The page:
28. 29. IRT: Phase III Inquiry <ul><li>Initially, within the class. </li></ul><ul><li>Then, with others around the world. </li></ul>
  29. 30. Essential Elements of Internet Reciprocal Teaching <ul><li>We teach the new literacies of online reading comprehension and learning skills </li></ul><ul><li>We teach by providing “information challenges” within and across content areas that contain the skill we want students to learn. </li></ul>
  30. 31. <ul><li>We are flexible in our grouping strategies, often spending more time in small groups but we also use whole group and paired patterns. </li></ul><ul><li>We distribute the lesson’s targeted skill, when it appears in the classroom </li></ul><ul><li>We expect opportunities to learn from our students. </li></ul><ul><li>We expect our students to learn from one another. </li></ul><ul><li>We hold students accountable. </li></ul><ul><li>We teach within a 3-stage model. </li></ul><ul><li>We integrate many online communication tools. </li></ul>Essential Elements of Internet Reciprocal Teaching
  31. 32. <ul><li>We use Apple Remote Desktop for both management and teaching. </li></ul><ul><li>We continually practice “Plan B/C/D” </li></ul><ul><li>We continually conduct informal assessment to determine the next online reading and learning skills to teach </li></ul><ul><li>We always teach within the central content of our discipline. </li></ul>Essential Elements of Internet Reciprocal Teaching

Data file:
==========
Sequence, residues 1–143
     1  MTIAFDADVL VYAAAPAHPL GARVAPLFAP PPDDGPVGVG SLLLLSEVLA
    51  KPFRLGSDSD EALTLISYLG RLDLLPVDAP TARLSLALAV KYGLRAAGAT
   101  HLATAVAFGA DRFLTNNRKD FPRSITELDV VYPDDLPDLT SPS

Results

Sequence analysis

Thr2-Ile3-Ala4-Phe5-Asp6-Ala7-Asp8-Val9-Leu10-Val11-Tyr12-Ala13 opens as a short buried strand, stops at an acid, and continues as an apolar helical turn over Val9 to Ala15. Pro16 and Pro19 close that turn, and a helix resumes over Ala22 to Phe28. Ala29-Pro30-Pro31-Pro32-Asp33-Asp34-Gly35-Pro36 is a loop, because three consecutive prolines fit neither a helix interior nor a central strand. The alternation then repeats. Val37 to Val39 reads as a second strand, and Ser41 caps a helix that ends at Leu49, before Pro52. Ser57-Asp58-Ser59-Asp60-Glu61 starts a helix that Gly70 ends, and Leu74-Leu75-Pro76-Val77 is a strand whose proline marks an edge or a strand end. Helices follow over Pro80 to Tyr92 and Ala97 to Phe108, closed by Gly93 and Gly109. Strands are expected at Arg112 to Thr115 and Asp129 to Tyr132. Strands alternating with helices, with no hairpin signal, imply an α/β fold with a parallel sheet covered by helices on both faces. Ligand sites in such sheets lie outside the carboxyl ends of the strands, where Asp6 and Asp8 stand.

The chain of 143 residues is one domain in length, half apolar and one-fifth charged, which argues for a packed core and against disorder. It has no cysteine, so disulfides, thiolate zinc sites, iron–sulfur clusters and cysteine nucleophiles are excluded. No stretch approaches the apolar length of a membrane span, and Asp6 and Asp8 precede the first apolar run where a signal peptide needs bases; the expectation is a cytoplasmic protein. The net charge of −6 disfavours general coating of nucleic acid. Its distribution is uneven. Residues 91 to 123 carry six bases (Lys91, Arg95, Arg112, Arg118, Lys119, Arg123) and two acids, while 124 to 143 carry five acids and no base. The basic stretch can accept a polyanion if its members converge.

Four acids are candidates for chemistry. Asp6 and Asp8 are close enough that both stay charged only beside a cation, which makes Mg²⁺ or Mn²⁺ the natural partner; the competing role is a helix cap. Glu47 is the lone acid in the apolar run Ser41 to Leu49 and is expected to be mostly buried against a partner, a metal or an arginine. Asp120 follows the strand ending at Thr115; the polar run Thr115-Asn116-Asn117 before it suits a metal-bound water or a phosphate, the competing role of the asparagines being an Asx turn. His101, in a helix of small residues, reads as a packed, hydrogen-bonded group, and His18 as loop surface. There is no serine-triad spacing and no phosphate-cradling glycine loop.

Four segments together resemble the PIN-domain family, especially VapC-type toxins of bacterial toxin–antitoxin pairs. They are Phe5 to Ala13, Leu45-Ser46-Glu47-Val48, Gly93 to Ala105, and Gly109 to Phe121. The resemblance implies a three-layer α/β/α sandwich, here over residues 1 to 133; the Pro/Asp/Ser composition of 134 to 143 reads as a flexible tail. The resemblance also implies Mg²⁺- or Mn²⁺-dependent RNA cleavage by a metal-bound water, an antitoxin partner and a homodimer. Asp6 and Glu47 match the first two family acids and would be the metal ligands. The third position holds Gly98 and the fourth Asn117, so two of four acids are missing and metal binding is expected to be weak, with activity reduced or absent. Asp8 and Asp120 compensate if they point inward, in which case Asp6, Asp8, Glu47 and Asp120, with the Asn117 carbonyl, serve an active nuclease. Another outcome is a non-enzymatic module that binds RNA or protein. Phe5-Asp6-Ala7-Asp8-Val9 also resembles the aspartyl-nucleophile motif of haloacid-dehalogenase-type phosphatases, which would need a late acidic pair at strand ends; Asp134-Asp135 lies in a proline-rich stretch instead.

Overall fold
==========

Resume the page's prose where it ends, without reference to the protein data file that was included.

32. 33. Measuring the Potential Benefits of IRT (Assessment) <ul><li>Formative Assessments of Strategy Use (FASEKIT) </li></ul><ul><li>Curriculum-based Information Challenges </li></ul><ul><li>Performance-based Assessments of Online Reading Comprehension Ability (ORCA) </li></ul><ul><li>See </li></ul>
  33. 34. Time for Discussion <ul><li>New ideas? </li></ul><ul><li>Issues/Concerns? </li></ul><ul><li>Questions? </li></ul><ul><li>Topics to bring back to school with you? </li></ul>
  34. 35. Putting it All Together To Solve A Real Problem…. <ul><li>Find at least one partner. </li></ul><ul><li>Take a position (Yes or No) on an issue. </li></ul><ul><li>Use the RALI* process to produce an argument that supports this view and challenges other views. </li></ul><ul><li>Present your argument to the group in 10 minutes or less. </li></ul><ul><li>Cite your sources (pros and cons). </li></ul><ul><li>Be prepared to provide evidence that your sources are (a) accurate; (b) supported by reliable individuals; and (c) representative of more than one perspective. </li></ul><ul><li>*RALI = Reading and Learning with Internet Inquiry (Question, Locate, Critically Evaluate, Synthesize, and Communicate) </li></ul>